There are social signs we learn that tell us whether a place or situation is safe or unsafe, chaotic or orderly, quiet or tense: how people stand, how they speak, how frustrated or angry they act, whether there are kids or old people present, how friendly the guards or soldiers are, etc. etc. ad infinitum. The ability to read those signs is one thing that distinguishes insiders from outsiders, because they vary from culture to culture. (Not knowing them is one of the things that can get you into trouble in a strange place; and their comforting presence is one of the things that you pay for when you stay in places like business hotels.) Making sense of the consulate, I realized, required a slightly different body of collective knowledge than I apply when I'm in downtown Palo Alto. Once I got that, I was able to see that it was actually a smoother operation than I'd first realized, the presence of loudly angry aged Chinese women aside.
And indeed, I got in right under the wire: I was the last visa applicant they took before breaking for lunch. The whole process took about 45 seconds: I handed in my paperwork, picture, and passport, had a brief discussion about whether I wanted rush service (I did), and was told to come back in a few hours. Sure enough, that afternoon (after lunch in Japantown, which seems now to largely consist of Korean restaurants, and some work at Cafe Murano, a very cool little place on Steiner) they had it ready.
The visa takes up a full page in my passport, for some reason. Whenever I got to the EU, I'm lucky to get stamped; Singapore and Malaysia have nice-looking entry and exit stamps; but China and South Africa take up whole pages in my passport. There's probably some contingent social knowledge that explains why this is.
After getting some coffee, I headed out to take some pictures of Gammage Memorial Auditorium, the Frank Lloyd Wright-designed complex that I'd seen in the dark a couple nights earlier. I wanted to walk around it during the daytime, and get a better sense of what it looked like.
Usually when I travel somewhere, I go for a long walk. On the better ones, I encounter some surprising thing that I didn't set out to see, but which makes the whole thing worthwhile. This morning, it was this. A sign on top of Lattie Coor Hall, it says "Explore."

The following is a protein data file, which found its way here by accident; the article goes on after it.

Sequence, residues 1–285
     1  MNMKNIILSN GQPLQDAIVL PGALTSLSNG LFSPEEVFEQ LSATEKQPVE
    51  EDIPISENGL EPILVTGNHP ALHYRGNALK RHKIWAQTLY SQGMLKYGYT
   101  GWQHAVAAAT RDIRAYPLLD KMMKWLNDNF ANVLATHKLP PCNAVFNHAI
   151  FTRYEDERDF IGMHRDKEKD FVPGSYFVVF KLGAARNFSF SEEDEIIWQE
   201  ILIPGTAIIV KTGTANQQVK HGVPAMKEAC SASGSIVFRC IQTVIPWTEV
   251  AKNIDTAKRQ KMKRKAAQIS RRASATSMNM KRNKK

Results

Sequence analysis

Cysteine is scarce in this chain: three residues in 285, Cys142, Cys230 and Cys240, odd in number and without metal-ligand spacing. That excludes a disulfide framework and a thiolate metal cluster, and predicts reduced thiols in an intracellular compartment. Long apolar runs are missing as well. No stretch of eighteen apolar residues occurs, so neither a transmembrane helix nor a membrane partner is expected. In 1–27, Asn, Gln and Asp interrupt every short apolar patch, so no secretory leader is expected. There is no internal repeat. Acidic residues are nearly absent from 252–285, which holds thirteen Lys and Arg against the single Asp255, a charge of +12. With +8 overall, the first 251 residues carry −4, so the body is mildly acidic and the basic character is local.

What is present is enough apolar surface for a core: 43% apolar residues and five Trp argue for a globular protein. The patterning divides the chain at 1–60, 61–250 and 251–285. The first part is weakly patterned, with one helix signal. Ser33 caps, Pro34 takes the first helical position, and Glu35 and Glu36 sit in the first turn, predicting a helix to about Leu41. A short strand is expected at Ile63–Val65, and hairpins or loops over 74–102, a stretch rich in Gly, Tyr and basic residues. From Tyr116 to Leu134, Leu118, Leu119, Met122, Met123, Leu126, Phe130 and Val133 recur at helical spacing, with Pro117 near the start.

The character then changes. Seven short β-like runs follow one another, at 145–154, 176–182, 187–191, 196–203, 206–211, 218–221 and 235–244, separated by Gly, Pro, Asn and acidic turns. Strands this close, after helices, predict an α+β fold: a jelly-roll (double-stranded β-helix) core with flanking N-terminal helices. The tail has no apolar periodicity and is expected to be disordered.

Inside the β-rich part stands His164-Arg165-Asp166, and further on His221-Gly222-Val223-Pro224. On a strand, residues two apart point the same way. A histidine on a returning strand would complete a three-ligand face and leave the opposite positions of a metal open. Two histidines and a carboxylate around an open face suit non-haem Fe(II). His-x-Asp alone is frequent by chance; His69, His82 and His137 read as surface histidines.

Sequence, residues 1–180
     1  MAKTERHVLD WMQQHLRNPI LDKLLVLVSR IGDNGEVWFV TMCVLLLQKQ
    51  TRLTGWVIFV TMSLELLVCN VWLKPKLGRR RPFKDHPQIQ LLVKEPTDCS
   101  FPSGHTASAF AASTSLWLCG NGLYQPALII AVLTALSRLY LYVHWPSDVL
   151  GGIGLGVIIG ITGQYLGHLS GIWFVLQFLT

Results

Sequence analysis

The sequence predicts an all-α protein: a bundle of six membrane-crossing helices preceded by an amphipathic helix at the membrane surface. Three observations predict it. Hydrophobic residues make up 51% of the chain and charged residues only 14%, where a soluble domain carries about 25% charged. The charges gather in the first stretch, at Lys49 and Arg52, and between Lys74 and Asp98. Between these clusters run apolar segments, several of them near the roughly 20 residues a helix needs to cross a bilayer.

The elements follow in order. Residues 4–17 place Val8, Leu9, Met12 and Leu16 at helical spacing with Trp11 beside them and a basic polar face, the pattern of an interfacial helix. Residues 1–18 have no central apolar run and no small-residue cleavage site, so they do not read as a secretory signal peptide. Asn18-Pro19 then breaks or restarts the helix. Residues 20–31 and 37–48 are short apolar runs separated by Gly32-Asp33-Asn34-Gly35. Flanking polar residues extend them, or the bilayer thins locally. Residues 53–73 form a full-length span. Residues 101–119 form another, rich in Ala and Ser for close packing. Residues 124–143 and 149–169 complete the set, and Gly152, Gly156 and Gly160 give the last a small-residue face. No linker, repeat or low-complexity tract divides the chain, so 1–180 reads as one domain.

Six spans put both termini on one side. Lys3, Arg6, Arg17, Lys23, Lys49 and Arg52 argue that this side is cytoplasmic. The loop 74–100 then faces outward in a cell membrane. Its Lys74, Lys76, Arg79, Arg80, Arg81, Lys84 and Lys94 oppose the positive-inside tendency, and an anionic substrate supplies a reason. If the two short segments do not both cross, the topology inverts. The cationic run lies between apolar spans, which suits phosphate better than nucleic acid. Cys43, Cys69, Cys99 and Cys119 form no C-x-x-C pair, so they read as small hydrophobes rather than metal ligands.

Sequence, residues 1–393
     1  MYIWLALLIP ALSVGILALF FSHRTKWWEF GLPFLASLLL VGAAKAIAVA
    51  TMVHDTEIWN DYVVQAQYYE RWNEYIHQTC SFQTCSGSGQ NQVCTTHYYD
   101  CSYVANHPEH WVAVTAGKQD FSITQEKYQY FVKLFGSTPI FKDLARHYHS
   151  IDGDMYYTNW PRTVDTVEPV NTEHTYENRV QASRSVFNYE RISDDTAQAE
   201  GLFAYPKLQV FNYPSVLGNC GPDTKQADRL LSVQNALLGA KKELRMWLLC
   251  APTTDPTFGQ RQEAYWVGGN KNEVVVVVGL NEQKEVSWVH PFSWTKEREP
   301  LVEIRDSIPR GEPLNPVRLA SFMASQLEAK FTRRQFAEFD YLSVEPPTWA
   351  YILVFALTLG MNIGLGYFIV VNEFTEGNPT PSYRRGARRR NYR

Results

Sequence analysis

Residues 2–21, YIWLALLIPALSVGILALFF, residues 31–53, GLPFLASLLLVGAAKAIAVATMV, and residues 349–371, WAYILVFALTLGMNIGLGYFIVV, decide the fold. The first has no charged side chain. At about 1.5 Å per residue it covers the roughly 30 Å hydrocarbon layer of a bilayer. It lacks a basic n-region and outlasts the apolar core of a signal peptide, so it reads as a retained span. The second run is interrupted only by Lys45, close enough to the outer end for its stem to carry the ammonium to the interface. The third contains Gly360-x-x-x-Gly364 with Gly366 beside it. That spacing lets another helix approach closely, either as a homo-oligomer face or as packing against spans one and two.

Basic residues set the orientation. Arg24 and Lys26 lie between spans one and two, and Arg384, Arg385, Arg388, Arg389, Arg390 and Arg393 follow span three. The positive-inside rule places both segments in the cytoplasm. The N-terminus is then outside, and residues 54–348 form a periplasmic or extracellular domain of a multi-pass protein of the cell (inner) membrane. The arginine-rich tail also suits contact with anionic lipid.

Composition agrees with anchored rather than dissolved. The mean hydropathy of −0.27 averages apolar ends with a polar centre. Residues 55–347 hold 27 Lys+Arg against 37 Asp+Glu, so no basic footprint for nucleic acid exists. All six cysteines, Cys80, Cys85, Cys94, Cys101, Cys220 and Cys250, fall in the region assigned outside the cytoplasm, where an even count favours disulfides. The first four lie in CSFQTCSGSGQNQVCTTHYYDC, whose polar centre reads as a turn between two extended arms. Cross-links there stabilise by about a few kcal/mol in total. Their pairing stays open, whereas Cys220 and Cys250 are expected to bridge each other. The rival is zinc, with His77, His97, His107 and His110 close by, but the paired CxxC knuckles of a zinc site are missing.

We held our workshop on the future of science and economic development today. It wrapped up at 5, after which I went for a swim and some time in the hot tub; I then met up with my colleagues, and we went over to Scottsdale for dinner. We first went to the Billet Bar, a biker bar in old town, for a drink. (I had a Diet Coke-- I've pretty much given up on alcohol, as I've become an unaccountable lightweight.)
After that, it was to Bandera for dinner. It was really outstanding.
It turns out that Phoenix-- and in particular Scottsdale-- is, in certain important respects, an economic offshoot of Southern California: according to our local host, who's a geography professor at ASU and therefore entirely trustworthy on such matters, part of the porn industry has relocated to Phoenix, as have a number of rappers. Apparently it's easy to get back to LA, and there are no papparazzi (sp?) here. (The Billet Bar has "Industry Nights," which must be quite the scene.)
Not only does it have all that, but Scottsdale was also the home of Frank Lloyd Wright (in his Taliesin West phase), and is where the Taser was invented. Truly an all-American city.
Every year the chairs are driven south to their spring feeding grounds in Arizona....
One of the most striking things I saw during tonight's walk around Arizona State was this:
It's a computer center. And it's empty. Because it's closed. At first, I literally couldn't believe it. After years around Stanford, seeing a computer cluster that's not surrounded by students, and open 24/7, didn't really register. Proof once again that neuroscience is right, and that we tend to see what we believe, not the other way around.
If I were Tom Friedman, this would be the beginning of a piece about how this is an example of how American competitiveness is in decline, and how in China there would be 50,000 students using a facility like this. He'd talk about how in Berkeley a similar center-- which he saw while on his way to play golf with the head of Cisco, before heading to Dubai-- was filled with graduate students, but they were all Chinese.
Sunday afternoon, I braved the single-digit temperature, ice on the roads, and responsibility for my dad's beloved Honda Element to go see the Hamilton Wing of the Denver Art Museum, the new (2006) Daniel Libeskind addition.
denver art museum, via flickr